By Jack Keough
Amazon is in the midst of a massive $13.9 billion warehousing and fulfillment expansion across the country that will mean the Seattle, Wash.-based company will have more than 90 warehouses in operation by the end of the year.
In fact, according to an article on Bloomberg.com, Amazon also intends to build 5 more warehouses. And they also may be looking at future locations including Washington, D.C., Florida, and Connecticut. Thousands of workers are expected to be hired.
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What this means for its AmazonSupply.com unit is undetermined because the company has not said if some of those warehouses will be targeted specifically for industrial supplies. Right now, AmazonSupply lists offers 14 different types of industrial categories that include products ranging from materials handling, electrical, drill bills, power tools and janitorial supplies.
Amazon started AmazonSupply.com in April, 2012, as an outgrowth of Small Parts, a company which Amazon acquired seven years earlier. Small Parts initially targeted just the medical supply and research industries.
Before this current building binge by Amazon, the company reportedly could offer same-day delivery to 15 percent of the country. One study mentioned in the Bloomberg report pointed out that if fulfillment centers were built in the top major metropolitan areas in the country that number would jump to 50 percent.
The $13.9 billion number includes money spent on fulfillment expenses including building costs from some 50 warehouses constructed since 2010. These additional warehouses-if used fully or partially for industrial supplies-would also mean increased pressure on industrial and electrical distributors to compete with this e-commerce giant.
The Bloomberg article also notes that Amazon now has its warehouse building down to almost to a science. Previously it might have taken two and a half years to build one of its massive warehouses.
Here are just some examples: an Amazon warehouse in Chattanooga, Tenn., only took 10 months to complete, while in Middletown, Delaware, Amazon completed a 1.2 million square-foot warehouse in just less than that time frame, opening last October, according to the News Journal of Wilmington, Del.
And Amazon has decreased the costs of its warehousing operation through its acquisition of Kiva Systems, which designs warehouse robots, for $775 million in March of 2012.
Industrial buyers, meanwhile, seem to be using Amazon Supply as they search for new products.
One research study by the Acquity Group, a digital marketing research firm, shows that nearly half of industrial suppliers in a recent survey said they have bought products from AmazonSupply.com. Twenty-five percent of these buyers said they had bought products frequently.
The study also showed that convenience and accessibility was more important to them than the relationship with current suppliers. If another website or supplier sells the same product at a lower price, 85 percent of respondents stated they will buy the lower cost option instead, despite loyalty to their current supplier, the study showed.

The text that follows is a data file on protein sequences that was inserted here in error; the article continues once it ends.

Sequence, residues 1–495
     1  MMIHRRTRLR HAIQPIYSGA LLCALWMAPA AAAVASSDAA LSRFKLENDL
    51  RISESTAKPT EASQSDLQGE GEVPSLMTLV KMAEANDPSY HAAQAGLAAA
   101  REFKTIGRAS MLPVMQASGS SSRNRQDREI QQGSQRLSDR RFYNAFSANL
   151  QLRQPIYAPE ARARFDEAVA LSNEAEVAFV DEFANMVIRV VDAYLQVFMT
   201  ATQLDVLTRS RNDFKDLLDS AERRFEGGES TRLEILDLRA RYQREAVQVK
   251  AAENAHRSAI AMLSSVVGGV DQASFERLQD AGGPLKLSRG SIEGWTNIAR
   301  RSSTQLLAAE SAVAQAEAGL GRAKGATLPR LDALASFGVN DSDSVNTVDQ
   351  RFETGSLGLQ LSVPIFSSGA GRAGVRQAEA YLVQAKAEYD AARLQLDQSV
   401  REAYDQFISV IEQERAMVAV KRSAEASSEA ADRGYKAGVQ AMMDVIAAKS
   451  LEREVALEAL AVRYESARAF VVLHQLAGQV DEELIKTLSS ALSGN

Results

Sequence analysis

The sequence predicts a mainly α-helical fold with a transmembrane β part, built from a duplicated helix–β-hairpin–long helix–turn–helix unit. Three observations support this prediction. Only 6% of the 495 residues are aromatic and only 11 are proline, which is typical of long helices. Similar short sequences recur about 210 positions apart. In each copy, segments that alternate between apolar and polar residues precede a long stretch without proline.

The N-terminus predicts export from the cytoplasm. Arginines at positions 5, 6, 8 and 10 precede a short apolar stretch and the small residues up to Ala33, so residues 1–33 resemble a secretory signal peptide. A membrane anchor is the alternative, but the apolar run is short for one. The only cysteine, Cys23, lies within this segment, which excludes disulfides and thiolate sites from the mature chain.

Still, many distributors say they are not worried about Amazon and don’t see them as a threat, although some add they see it becoming more of a competitor to smaller, less financed distributors who do not have e-commerce capabilities.
Some experts say distributors should be more concerned.
“B2B distributors must be aware of the revenue threat from the third-party B2B e-commerce websites,” said Robert Barr, senior vice president at Acquity Group. “This is particularly important since many buyers do not visit distributors’ physical stores, but rely on catalogs and websites to research products. Unfortunately, many of these websites are outdated and lack capabilities to meet customer expectations.”
Amazon isn’t content to expand just into the into the industrial supply business. Six years ago it ventured into the e-commerce grocery business when it started AmazonFresh. Now AmazonFresh is expanding into Los Angeles, Calif. and will be then move into the San Francisco. One industry publication expects AmazonFresh to be in 20 metropolitan areas in the next few years.
Another report says Amazon may be looking into pet supplies as another business sector.
Meanwhile, another giant e-retailer, Google, is expanding its beta site, Google Shopping for Suppliers, by recently adding another product group on its site. That product category is called mechanical components. Previously, Google only offered electronic and electrical products.
The products in this new category include actuators, bearings, fluid power and related components, hose products, pipe, valves and fittings.
Google has been tight-lipped about the success of this venture but its expansion into a new product category clearly shows that it intends to become a major player in the highly-sought B2B/industrial markets.
A number of companies have become verified suppliers on the Google Shopping for Suppliers site. Verified suppliers have a badge next to their listing and come before non-verified suppliers. These suppliers pay a fee for being verified but that fee is being waived for 2013 although Google says “that could change in the future.”
Jack Keough was the editor of Industrial Distribution magazine for more than 26 years. He often speaks at many industry events and seminars. He can be reached at firstname.lastname@example.org or email@example.comTagged with tED